Updates to our Terms of Use

We are updating our Terms of Use. Please carefully review the updated Terms before proceeding to our website.

Monday, May 20, 2024 | Back issues
Courthouse News Service Courthouse News Service

Rambling Defense in Judge-Threatening Case

BROOKLYN, N.Y. (CN) - An allegedly bipolar woman accused of threatening to kill a federal judge got a second shot on the witness stand before prosecutors rested their case Wednesday.

Regina Lewis is charged with calling the court chambers in Manhattan this past July after U.S. District Judge Lewis Kaplan dismissed a pro se lawsuit she filed and telling Kaplan's clerk she had a "fucking bullet with his [Kaplan's'] name on it."

The defense opened Tuesday with attorney Lloyd Epstein saying that Lewis was bipolar and lacked any intent to actually harm Kaplan.

Lewis took the stand in her own defense afterward, and U.S. District Judge Brian Cogan granted her request for another turn today.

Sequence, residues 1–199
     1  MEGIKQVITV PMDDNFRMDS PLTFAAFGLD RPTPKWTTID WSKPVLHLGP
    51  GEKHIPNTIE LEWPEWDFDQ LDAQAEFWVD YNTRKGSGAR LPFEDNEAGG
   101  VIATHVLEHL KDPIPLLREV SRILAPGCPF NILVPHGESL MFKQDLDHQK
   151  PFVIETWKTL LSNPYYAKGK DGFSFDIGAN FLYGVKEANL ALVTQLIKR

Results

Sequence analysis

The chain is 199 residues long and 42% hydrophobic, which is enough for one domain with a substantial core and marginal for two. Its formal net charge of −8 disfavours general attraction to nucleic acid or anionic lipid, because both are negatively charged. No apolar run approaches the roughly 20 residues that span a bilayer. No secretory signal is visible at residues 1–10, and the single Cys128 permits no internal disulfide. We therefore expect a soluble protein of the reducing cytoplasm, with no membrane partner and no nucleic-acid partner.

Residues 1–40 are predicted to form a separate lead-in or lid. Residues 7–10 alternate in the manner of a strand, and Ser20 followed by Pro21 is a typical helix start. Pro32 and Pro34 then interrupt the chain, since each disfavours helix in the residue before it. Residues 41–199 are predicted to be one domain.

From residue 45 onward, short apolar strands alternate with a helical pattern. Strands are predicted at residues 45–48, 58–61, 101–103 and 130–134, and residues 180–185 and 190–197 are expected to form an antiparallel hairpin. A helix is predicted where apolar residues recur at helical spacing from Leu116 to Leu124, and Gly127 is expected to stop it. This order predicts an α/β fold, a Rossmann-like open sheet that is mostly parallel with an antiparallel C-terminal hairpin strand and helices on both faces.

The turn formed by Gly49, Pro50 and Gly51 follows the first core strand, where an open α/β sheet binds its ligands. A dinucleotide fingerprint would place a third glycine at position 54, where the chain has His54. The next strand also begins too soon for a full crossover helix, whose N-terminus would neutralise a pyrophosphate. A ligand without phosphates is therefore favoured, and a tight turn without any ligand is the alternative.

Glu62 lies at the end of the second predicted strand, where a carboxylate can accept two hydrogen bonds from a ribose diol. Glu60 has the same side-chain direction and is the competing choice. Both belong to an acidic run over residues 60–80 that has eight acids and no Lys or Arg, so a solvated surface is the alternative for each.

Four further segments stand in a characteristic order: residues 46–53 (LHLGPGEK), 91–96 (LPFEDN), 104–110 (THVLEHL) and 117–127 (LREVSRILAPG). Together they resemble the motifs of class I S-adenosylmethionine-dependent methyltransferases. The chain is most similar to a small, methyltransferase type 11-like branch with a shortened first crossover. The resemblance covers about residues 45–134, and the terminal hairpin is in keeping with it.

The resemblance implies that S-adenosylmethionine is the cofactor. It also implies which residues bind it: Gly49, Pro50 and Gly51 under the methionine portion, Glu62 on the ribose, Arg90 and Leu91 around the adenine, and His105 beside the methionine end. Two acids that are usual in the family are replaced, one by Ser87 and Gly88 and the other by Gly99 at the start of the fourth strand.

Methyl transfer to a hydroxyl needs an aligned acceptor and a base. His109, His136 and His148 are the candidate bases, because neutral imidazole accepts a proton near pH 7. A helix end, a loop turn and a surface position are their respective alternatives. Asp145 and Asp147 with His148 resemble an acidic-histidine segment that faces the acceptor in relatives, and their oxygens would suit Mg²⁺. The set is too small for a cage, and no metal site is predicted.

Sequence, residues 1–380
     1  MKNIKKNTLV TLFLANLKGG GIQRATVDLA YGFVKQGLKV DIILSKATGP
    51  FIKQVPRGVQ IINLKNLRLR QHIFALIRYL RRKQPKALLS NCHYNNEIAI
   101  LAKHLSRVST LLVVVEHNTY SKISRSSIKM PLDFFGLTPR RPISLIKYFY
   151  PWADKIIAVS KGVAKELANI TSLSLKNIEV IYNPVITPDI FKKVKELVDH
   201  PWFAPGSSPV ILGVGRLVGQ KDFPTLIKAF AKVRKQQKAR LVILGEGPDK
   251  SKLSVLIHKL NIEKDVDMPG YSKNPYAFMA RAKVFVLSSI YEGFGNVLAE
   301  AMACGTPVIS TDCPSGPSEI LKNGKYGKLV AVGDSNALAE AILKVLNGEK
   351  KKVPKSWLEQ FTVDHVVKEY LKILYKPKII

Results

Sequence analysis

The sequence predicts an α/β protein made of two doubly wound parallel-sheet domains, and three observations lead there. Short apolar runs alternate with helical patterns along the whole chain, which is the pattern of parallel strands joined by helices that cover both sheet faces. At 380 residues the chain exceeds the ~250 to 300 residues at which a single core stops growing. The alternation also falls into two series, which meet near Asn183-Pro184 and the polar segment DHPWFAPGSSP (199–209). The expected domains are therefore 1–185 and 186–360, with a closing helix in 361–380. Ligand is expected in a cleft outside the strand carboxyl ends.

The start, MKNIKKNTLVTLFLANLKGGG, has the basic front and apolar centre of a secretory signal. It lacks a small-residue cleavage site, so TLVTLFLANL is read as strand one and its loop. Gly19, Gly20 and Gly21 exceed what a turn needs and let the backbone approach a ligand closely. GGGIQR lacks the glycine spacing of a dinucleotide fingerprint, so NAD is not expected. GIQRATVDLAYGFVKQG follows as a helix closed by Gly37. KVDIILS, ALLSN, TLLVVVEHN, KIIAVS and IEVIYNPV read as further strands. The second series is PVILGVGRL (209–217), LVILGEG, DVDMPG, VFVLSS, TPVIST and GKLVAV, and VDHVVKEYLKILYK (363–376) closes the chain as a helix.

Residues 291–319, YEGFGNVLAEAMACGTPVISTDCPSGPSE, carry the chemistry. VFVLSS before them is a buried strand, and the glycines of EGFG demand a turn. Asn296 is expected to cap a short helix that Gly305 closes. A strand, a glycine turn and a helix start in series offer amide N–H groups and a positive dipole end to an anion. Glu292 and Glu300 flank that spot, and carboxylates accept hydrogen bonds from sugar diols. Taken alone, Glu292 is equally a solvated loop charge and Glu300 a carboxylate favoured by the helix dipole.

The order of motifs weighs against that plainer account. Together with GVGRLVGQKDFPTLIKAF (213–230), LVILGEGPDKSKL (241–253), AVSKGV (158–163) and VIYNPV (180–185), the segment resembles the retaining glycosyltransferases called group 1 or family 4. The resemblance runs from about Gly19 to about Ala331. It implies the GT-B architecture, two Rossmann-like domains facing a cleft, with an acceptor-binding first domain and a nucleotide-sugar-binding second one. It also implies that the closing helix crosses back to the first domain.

"I may regret this," Cogan said. "I want to get you every chance to be heard."

Despite a recommendation from Epstein against such testimony, after the two consulted in private, Lewis took the stand in prison scrubs and rambled about her 80 pro se lawsuits.

"They fail me on purpose," Lewis said of mental-health experts who testified that she had bipolar disorder. "They fail me so the case will be thrown out."

Cogan patiently cut her off.

Lewis made repeated outbursts during Epstein's closing arguments, claiming NBC was out to get her.

Citing her respect for the judge at one point, Lewis noted, "I'm not normally this calm."

Cogan responded, "I exchange my respect for your respect."

The judge reserved decision on the matter Wednesday.

Lewis allegedly called Kaplan's chambers and, along with the threat of a bullet, said that he was "white trash" and a homosexual before hanging up. A handful of U.S. marshals arrested her at her apartment on July 26; she was hiding between a couch and a wall, one of those officers testified.

But Epstein said his client is "all bark and no bite," a "flea with a very foul mouth."

Categories / Uncategorized

Subscribe to Closing Arguments

Sign up for new weekly newsletter Closing Arguments to get the latest about ongoing trials, major litigation and hot cases and rulings in courthouses around the U.S. and the world.